Whenever money is being allocated, complaints are bound to arise. The aftermath of the club budgeting process for 2013-2014 is no exception. This time around, however, some of the complaints are warranted. Senate stated that budgets would need to be trimmed this year, but inconsistencies in the process and concerns about the need to cut in the first place call into question Senate’s dedication to minimizing bureaucratic rigmarole and expediting student access to their money.
Every year, clubs complain about not receiving all of the money they’ve requested, which is an unfortunate reality of dealing with both a high level of demand and a limited budget. Club budgets come from the student activity fee, which was $354 per student this past year. The activity fee also pays for other things, such as publication budgets, but a considerable chunk of it goes toward funding club activities. With Knox planning to add around 50 additional students next year, the amount of money available for clubs will only increase.
This is the first, but not the only, reason to call into question the need to cut club budgets. When clubs do not get all of the money that they requested, they often make additional funds requests for specific events, the majority of which are granted. The Finance Committee has said that it would prefer not to give clubs money for events, such as bringing in outside speakers, that they aren’t sure are going to happen. While this is a legitimate point, each additional funds request necessitates considerable paperwork and time on the part of both the club and the Finance Committee. It seems as though much unnecessary work could be prevented by considering giving more money to clubs in the first place.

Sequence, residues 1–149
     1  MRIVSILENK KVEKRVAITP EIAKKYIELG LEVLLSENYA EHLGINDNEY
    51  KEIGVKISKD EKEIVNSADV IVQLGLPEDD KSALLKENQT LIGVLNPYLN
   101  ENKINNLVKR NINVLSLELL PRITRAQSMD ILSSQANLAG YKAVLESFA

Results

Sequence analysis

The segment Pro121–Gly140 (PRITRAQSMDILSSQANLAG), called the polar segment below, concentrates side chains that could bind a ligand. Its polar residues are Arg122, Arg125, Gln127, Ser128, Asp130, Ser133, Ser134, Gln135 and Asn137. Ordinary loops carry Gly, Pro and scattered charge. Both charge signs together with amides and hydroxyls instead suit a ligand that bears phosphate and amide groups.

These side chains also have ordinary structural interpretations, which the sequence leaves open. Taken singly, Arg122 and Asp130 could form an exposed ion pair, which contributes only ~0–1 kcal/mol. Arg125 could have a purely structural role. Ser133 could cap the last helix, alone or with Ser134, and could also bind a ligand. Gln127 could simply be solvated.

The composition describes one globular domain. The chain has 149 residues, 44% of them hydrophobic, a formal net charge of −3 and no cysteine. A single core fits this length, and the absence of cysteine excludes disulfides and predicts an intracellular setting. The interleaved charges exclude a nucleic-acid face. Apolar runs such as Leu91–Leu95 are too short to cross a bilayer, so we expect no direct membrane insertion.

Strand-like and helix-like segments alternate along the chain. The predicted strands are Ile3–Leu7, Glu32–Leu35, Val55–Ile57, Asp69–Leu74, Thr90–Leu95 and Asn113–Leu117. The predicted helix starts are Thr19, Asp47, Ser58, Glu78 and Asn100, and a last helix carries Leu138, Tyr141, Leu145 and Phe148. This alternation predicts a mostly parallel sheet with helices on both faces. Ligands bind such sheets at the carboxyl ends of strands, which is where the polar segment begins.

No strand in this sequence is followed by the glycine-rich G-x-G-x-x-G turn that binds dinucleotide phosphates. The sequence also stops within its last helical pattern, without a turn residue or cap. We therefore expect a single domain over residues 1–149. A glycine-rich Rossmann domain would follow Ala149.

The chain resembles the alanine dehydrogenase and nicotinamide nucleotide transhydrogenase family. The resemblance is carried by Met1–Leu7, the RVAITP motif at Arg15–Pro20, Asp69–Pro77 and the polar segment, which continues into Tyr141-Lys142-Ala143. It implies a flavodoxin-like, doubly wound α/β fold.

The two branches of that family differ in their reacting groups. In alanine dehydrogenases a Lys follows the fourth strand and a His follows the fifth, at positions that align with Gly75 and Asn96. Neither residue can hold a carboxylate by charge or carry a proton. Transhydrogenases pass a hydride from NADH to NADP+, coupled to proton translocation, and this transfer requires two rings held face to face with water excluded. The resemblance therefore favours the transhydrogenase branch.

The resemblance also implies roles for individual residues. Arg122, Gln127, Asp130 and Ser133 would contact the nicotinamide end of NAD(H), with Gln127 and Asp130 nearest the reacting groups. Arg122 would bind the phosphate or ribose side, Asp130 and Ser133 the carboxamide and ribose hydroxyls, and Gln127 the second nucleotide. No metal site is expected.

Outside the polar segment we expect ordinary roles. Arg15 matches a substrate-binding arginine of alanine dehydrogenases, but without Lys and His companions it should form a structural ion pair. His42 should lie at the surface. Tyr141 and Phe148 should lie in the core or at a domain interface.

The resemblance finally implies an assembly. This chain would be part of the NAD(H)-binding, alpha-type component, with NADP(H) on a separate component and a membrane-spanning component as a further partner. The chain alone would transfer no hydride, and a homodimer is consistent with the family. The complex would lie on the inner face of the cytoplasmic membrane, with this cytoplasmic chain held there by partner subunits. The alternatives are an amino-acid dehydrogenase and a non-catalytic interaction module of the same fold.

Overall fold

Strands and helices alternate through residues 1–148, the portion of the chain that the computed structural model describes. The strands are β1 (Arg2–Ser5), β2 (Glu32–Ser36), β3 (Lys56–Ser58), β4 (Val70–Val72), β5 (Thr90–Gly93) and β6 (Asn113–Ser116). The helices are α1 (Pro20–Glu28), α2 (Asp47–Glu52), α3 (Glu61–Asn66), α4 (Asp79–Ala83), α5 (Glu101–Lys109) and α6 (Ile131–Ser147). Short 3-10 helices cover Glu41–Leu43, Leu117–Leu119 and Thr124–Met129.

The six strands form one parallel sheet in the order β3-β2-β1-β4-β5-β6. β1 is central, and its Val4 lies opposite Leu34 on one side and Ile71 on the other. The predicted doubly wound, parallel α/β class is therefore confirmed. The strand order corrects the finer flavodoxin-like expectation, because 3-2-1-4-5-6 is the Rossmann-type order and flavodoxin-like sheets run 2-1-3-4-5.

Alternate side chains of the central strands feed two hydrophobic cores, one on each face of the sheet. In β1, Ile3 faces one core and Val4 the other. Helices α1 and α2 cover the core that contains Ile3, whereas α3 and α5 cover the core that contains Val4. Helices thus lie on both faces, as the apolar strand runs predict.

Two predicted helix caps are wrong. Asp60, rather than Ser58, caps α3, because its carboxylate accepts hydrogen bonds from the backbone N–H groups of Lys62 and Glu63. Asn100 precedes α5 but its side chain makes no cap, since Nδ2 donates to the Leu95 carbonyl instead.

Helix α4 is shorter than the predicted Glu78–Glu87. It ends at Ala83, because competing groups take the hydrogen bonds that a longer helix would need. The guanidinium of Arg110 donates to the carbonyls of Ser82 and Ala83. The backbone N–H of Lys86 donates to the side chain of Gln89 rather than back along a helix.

And finally, there are fewer clubs that applied for funding this year. For the 2012-2013 school year, there were 73 budgeted clubs. For the upcoming year, there will be 64. Coupled with the larger amount of student activity fee money, this makes it seem even less sensible to cut club budgets.
Yet several restrictions were placed on budgets this year: clubs were advised not to apply for money for food, for instance, even though food is one of the easiest ways to draw people to events and expand club visibility and membership. When clubs did put food in their budgets, it was not always cut by the Finance Committee during their review of draft budgets, leading clubs to believe they would get their money only to have it slashed in the final stages of the process.
Trimming fat off of club budgets in a uniform way implies that all clubs are identical; in reality, some clubs only spend money on food, while others do not purchase food (or other things that were restricted) and therefore received much higher budgets. This meant some clubs effectively had their entire budgets cut — a devastating blow especially to new clubs looking to grow their presence on campus. Thanks to the additional funds request process, however, these clubs will simply request the money later and likely receive it, a course of action encouraged by the Finance Committee itself. Extra bureaucracy is unproductive and hardly increases student trust in the efficacy and efficiency of Student Senate.
In future years, Senate needs to publicize at least an approximation of how much money it has to allocate so that clubs can better judge whether there is a real need to cut their budgets. Senate also needs to carefully consider the cost in time and resources of making additional funds requests for items that could have been included in the initial budget. If clubs end up misusing or not using their money, thereby keeping it from other students, they can and should be penalized for it.
But clubs for whom there is no reason to make drastic cuts should not have to suffer from policies that treat all student organizations as identical.